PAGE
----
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should i learn to snowboard or telemark? - Page 2

post #31 of 43
Powdr, I have Silvretta 500 LSV w/T2Xs. The bale will accept any boot and hasn't busted yet after 4 years of abuse in all kinds of conditions and terrain. I put a riser block in front of the toe as an experiment so the duckbill would pressure the ski for pseudo tele turns and to minimize the door hinge-emarking. I actually could tele in bumps and powder pretty OK, but nothing like flexing the boot and pressuring the ball of the the foot on the trailing ski. It produced some substantial upward pressure on the bale. This image is from Backcountry.com. If you click on the icon at the bottom of EpicSki pages to make purchases, it supports EpicSki:

post #32 of 43
I don't understand why you are not considering using AT gear. Telemark ski equipment has been called "misery sticks" for good reason. Snowboarding requires that you learn how to slide downhill with your body in a totally different orientation to the slope, shoulder leading rather than shoulders square. If you want to skin and get into the backcountry, AT is the way to go.

But if you just want to learn something new I'd choose snowboarding, because it's more useful when the snow is wet and heavy, and more surfy when deep.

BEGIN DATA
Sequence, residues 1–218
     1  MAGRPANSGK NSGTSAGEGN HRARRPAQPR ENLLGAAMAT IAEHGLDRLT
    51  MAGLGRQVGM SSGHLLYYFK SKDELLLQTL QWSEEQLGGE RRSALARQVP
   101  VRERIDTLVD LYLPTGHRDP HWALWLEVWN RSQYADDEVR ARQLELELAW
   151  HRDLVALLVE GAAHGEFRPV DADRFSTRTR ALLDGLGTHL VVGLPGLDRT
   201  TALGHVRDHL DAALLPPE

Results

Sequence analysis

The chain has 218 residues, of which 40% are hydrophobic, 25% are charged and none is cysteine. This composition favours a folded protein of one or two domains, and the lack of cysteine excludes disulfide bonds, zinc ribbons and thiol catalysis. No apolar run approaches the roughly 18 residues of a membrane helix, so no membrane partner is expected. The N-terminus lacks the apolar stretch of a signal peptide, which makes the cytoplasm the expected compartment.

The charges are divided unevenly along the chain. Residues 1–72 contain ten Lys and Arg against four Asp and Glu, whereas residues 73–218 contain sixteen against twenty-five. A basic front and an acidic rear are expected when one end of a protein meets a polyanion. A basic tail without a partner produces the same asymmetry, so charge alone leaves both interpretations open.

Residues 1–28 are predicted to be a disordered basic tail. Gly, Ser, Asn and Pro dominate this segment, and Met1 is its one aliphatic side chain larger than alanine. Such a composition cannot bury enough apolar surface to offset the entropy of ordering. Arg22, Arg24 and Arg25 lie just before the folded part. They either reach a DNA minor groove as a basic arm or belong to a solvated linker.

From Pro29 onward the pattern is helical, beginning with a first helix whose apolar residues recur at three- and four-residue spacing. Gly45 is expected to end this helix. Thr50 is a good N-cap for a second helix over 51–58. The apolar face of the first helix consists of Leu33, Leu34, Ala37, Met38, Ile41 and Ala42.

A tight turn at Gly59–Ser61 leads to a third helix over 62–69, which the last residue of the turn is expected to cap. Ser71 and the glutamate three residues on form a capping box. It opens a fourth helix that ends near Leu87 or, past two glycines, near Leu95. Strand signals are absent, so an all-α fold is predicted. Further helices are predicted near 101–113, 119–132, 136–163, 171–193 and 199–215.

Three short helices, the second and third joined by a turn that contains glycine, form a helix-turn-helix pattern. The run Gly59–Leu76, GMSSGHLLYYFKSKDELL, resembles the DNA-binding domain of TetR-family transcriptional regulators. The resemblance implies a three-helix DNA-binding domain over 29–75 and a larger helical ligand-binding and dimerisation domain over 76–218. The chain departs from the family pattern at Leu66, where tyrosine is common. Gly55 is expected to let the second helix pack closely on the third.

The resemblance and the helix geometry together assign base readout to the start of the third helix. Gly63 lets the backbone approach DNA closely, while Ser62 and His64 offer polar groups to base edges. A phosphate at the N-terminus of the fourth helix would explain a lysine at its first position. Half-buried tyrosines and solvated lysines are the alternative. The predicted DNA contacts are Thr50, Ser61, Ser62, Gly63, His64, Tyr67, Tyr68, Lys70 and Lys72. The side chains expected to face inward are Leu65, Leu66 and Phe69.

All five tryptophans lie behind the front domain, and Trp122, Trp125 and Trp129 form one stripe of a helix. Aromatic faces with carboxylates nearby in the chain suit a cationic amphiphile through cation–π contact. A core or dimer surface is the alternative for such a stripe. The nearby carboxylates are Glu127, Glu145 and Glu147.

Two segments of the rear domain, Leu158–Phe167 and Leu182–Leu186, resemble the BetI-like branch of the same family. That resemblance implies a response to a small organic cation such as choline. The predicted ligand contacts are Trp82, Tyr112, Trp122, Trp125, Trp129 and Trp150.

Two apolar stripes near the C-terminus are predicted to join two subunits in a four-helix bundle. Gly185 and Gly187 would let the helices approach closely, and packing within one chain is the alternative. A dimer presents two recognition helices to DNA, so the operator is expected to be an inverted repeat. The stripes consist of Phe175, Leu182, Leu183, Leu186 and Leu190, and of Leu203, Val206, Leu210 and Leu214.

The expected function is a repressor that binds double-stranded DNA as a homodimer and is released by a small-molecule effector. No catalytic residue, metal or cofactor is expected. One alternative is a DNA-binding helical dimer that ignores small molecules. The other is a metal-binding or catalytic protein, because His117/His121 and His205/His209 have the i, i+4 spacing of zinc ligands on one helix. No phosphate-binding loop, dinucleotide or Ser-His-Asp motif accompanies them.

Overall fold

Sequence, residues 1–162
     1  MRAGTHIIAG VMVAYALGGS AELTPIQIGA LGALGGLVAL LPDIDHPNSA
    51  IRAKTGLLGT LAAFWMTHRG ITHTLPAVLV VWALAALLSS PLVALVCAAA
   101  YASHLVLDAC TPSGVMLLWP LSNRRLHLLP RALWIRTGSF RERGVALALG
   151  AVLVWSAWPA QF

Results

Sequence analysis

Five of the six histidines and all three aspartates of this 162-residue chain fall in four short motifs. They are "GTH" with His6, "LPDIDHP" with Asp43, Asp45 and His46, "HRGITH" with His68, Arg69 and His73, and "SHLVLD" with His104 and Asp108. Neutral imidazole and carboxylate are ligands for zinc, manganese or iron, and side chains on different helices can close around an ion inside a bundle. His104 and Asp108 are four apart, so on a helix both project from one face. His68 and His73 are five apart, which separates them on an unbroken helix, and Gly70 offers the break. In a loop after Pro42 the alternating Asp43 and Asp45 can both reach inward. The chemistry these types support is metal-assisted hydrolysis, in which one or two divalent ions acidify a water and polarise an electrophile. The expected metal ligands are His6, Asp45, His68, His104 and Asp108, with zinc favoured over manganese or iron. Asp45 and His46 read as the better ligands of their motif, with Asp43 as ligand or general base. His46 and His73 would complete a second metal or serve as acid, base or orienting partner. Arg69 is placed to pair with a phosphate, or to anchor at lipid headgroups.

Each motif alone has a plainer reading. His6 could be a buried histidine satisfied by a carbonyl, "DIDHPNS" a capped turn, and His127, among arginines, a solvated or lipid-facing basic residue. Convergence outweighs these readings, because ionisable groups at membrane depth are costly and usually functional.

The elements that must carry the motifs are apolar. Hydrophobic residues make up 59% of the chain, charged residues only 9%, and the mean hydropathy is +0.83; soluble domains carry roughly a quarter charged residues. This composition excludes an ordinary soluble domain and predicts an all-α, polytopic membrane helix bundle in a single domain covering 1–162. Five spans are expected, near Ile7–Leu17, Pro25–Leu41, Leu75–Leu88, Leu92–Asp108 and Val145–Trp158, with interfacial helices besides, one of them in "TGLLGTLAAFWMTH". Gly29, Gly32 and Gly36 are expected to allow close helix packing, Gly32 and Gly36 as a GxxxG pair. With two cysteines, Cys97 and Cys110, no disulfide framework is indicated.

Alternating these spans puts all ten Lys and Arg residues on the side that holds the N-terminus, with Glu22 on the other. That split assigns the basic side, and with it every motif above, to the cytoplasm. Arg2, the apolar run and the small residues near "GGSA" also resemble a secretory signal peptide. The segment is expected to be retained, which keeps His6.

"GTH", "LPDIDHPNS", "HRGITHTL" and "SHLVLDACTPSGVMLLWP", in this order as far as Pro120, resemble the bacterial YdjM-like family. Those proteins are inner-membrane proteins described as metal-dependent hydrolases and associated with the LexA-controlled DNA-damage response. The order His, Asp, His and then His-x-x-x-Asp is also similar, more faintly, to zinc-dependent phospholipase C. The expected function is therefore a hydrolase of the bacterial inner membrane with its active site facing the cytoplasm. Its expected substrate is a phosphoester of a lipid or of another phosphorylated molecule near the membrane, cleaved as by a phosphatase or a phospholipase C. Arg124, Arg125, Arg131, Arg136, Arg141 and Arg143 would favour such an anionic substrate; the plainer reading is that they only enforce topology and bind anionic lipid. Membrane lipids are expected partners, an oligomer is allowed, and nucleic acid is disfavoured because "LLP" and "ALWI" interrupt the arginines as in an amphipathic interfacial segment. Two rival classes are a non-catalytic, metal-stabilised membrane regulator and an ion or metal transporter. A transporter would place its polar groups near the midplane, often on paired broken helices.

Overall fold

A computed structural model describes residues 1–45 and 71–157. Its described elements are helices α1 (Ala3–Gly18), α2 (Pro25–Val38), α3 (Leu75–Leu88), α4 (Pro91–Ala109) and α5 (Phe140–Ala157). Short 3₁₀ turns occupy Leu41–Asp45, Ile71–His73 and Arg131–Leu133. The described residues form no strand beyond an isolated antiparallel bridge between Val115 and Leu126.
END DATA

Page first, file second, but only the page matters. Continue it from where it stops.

post #33 of 43
I've done a full circle now. I started alpine skiing, skiied for many years.

Probably about 15 years ago a borrowed an old Nidecker snowboard and hard plastic boots and played with that for a season. Back then there were very few snowboards out there.

Then it was back to alpine for a few more years.

Then came the monoskis. I spent probably 4 or 5 seasons monoskiing (they are a blast in the pow)

Then I took up telemark. I've tele'd now for 9 years I guess.

I just bought a set of Volkl AC4's and haven't skiied them yet. So here I am back where I started.

It's all good, but I gotta say I enjoy telemark more than anything else.
post #34 of 43
Thread Starter 
OK thanks everyone for the advices. I have some followup questions:
1. AT boots--what's the deal. Do i really need a whole new set of boots to do this type of skiing? It sounds fun but that's pricey. Can I use my regular alpine boots and give it a try with them, even if its less than optimal?